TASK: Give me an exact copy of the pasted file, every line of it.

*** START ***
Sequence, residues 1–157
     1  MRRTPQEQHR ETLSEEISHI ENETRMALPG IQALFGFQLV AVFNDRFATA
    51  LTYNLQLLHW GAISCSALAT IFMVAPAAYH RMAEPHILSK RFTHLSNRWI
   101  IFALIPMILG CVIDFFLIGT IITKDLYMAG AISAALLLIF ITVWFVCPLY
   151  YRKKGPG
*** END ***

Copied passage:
Sequence, residues 1–157
     1  MRRTPQEQHR ETLSEEISHI ENETRMALPG IQALFGFQLV AVFNDRFATA
    51  LTYNLQLLHW GAISCSALAT IFMVAPAAYH RMAEPHILSK RFTHLSNRWI
   101  IFALIPMILG CVIDFFLIGT IITKDLYMAG AISAALLLIF ITVWFVCPLY
   151  YRKKGPG